Pharmacist's "Abuse of Public Trust" Enhances Criminal Sentence
Is it appropriate for a judge to add an "enhancement" to lengthen a sentencing period because the pharmacist abused the public's trust?
ISSUE OF THE CASE
When a pharmacist is convicted of conspiracy to distribute oxycodone for an illegitimate purpose and faces sentencing for the crime, is it appropriate for the judge imposing the sentence to add an “enhancement” to lengthen the sentencing period because the pharmacist abused the public’s trust?
FACTS OF THE CASE
A pharmacist in a southern state was indicted on 1 charge of violating a provision in the Controlled Substances Act by conspiring to dispense and distribute oxycodone not for a legitimate medical purpose and not in the usual course of professional practice. He was convicted of the crime in US District Court, but appealed his sentence by advancing 3 arguments in the US Court of Appeals.
The first argument alleged the trial court made an error when the judge denied his motion for acquittal. The second argument claimed the trial court erred when it gave the jury a “deliberate ignorance” instruction. The third argument asserted the judge imposed an incorrect sentence when he included an abuse of trust/special skill enhancement when determining the length of the penalty.
Deliberate ignorance is guidance issued by a judge to a jury before it begins deliberations and goes to the issue of what the defendant knew or chose to ignore. It can be referred to as “willful blindness,” and it runs something like this: you may find that the defendant acted knowingly if you find beyond a reasonable doubt that he or she (1) was aware of a high probability that the prescriptions were not legitimate and (2) deliberately avoided learning the truth. You may not have such knowledge, however, if you find the defendant believed the prescriptions were legitimate or if you find the defendant was careless. The abuse of public or private trust argument advanced by the defendant was that the sentence imposed should not have been lengthened because the pharmacist was not permitted to exercise any professional judgment about his compliance with federal law.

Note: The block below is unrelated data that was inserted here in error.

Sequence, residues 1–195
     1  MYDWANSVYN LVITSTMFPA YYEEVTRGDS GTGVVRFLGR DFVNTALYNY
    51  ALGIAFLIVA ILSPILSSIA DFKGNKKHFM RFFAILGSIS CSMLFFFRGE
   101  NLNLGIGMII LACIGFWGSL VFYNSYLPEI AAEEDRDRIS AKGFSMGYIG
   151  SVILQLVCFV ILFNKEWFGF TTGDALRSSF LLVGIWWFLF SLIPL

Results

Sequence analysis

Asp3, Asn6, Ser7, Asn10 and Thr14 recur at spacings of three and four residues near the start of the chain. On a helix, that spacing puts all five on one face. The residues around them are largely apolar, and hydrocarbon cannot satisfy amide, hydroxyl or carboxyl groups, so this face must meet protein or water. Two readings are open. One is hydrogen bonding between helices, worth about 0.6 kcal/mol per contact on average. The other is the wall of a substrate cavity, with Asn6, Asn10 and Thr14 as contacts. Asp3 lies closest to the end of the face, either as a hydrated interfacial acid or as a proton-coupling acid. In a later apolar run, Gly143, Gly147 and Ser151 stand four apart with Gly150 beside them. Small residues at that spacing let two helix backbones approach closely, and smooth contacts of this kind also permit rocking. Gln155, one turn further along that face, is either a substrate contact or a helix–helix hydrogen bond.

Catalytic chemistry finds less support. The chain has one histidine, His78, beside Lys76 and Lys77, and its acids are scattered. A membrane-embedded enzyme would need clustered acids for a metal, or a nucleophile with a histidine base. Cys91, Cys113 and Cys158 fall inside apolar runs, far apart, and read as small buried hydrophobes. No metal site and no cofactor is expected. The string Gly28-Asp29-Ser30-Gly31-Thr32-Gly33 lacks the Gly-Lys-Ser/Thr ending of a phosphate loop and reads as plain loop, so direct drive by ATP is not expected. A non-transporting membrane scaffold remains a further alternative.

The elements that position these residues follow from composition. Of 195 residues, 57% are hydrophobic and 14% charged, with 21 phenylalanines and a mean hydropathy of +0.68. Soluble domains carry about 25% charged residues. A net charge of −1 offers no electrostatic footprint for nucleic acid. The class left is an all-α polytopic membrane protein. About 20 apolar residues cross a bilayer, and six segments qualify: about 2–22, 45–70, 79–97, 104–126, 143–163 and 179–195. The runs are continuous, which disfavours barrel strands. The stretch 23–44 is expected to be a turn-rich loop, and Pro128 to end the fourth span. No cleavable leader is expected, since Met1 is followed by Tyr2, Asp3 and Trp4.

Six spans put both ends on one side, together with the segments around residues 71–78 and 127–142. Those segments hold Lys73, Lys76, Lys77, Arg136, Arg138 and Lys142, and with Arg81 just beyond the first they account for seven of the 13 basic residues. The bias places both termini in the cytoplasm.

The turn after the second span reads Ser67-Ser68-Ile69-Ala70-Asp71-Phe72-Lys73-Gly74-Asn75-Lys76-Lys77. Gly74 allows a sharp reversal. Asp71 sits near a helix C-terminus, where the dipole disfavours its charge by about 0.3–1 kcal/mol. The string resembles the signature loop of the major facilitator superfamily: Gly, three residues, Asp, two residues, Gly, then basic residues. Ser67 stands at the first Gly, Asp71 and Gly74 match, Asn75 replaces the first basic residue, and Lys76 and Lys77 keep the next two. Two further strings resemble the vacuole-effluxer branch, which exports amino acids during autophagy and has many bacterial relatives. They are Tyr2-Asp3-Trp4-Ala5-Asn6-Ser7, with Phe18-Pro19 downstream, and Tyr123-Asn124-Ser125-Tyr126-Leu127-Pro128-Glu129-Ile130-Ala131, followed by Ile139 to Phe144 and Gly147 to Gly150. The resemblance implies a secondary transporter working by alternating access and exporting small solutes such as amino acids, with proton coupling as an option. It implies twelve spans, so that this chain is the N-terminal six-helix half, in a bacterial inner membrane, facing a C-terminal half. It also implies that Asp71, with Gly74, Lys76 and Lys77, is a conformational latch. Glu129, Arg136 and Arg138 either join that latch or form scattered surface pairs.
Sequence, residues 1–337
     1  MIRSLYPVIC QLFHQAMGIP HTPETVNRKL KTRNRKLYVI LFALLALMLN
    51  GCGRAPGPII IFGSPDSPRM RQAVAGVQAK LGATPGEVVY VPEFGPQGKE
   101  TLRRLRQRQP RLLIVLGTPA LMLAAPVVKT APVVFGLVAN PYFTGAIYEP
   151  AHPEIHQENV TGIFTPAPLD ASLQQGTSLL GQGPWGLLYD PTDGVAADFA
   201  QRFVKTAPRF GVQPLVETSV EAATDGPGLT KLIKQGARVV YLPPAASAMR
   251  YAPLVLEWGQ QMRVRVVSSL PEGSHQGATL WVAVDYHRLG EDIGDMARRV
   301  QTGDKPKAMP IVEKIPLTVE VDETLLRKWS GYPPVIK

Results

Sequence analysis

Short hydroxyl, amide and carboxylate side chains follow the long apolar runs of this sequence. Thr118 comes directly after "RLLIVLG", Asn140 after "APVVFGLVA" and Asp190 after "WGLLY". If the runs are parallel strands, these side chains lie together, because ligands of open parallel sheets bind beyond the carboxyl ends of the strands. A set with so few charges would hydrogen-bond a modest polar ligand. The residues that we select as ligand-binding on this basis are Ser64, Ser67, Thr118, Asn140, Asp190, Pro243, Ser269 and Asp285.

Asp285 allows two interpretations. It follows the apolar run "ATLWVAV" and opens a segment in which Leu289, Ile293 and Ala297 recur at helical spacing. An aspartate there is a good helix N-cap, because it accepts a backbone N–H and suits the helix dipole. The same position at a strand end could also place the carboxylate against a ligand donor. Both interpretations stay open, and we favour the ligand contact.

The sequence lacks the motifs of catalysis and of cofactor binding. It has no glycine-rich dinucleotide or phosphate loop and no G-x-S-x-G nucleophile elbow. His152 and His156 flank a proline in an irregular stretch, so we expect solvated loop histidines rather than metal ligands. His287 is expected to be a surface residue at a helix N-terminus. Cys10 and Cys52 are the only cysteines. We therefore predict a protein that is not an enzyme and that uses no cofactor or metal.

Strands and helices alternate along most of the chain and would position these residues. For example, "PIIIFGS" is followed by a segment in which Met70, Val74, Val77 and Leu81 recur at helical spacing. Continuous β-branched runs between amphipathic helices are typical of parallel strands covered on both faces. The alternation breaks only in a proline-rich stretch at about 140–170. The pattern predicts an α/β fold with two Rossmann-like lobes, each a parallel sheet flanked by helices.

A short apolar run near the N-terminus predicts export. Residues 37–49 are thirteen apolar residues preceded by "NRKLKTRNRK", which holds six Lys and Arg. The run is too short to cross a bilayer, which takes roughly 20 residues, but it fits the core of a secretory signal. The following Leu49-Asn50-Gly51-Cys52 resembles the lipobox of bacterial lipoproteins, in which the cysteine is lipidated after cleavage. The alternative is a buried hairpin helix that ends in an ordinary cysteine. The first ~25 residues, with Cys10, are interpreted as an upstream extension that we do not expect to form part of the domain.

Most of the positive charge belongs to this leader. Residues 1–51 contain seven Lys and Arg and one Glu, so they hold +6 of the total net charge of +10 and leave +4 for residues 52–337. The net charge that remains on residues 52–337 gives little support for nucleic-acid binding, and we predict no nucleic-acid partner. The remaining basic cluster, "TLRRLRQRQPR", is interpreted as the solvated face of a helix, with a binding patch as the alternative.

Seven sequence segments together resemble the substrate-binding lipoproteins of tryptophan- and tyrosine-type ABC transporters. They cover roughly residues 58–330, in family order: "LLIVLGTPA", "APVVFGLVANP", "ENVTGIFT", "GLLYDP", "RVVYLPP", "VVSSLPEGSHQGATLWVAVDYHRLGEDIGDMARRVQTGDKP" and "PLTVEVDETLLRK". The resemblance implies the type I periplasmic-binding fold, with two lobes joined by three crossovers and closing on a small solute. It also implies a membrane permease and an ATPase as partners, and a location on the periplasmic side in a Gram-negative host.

THE COURT’S RULING
The Court of Appeals ruled against the pharmacist on all 3 arguments, upholding his conviction and sentence.
THE COURT’S REASONING
The appellate court concluded that the first argument lacked merit. There was sufficient evidence for the jury to convict the pharmacist using the standard of proof beyond a reasonable doubt. Evidence was introduced regarding various red flags the co-conspirators presented. In addition, there was evidence about the pharmacist’s activities, such as accepting only cash payments for highly prized blue oxycodone tablets and charging $1 to $3 per tablet when the wholesale price was $0.40 to $0.45. He also dropped off large quantities of oxycodone to his co-conspirators in a variety of parking lots at times of the day not usually associated with legitimate traditional pharmacy transactions.
Next, the deliberate ignorance instruction given to the jury was appropriate in circumstances where the facts support an inference that the defendant was aware of a high probability of the prescriptions being illicit and purposely avoided learning all the facts in order to have a definitive defense in the event of a subsequent prosecution. Proof beyond a reasonable doubt is also required for this, and that was the standard the jury applied.
The United States has federal sentencing guidelines for judges to use when imposing sentences on convicted criminals, with the goal to alleviate sentencing disparities across the various federal court jurisdictions. Those guidelines state that a US District Court judge may “subject a defendant to a 2-level enhancement of his base offense level if the defendant ‘abused a position of public or private trust, or used a special skill, in a manner that significantly facilitated the commission or concealment of the offense.’” A position of trust is characterized by professional or managerial discretion, and a person occupying such a position of trust ordinarily receives less supervision than an employee whose responsibilities are nondiscretionary in nature.
The convicted pharmacist argued that when practicing as a pharmacist, he had no discretion about complying with applicable federal laws covering controlled substances. When the judge included his actions as a pharmacist in the base offense level to calculate the sentence to be imposed, that resulted in “double counting.” The court pointed out that “a licensed pharmacist does exercise discretion when faced with indicators of drug diversion. The pharmacist can investigate the indicators or he can fill the suspect prescription.” Here, the pharmacist exercised his discretion and chose to honor numerous illegal prescriptions; that justified application of the sentencing enhancement. The court emphasized that this sentencing enhancement applies only to that subset of offenders who abuse a position of trust, typically someone in a professional capacity.
Dr. Fink is a professor of pharmacy law and policy and the Kentucky Pharmacists Association Endowed Professor of Leadership at the University of Kentucky College of Pharmacy, Lexington.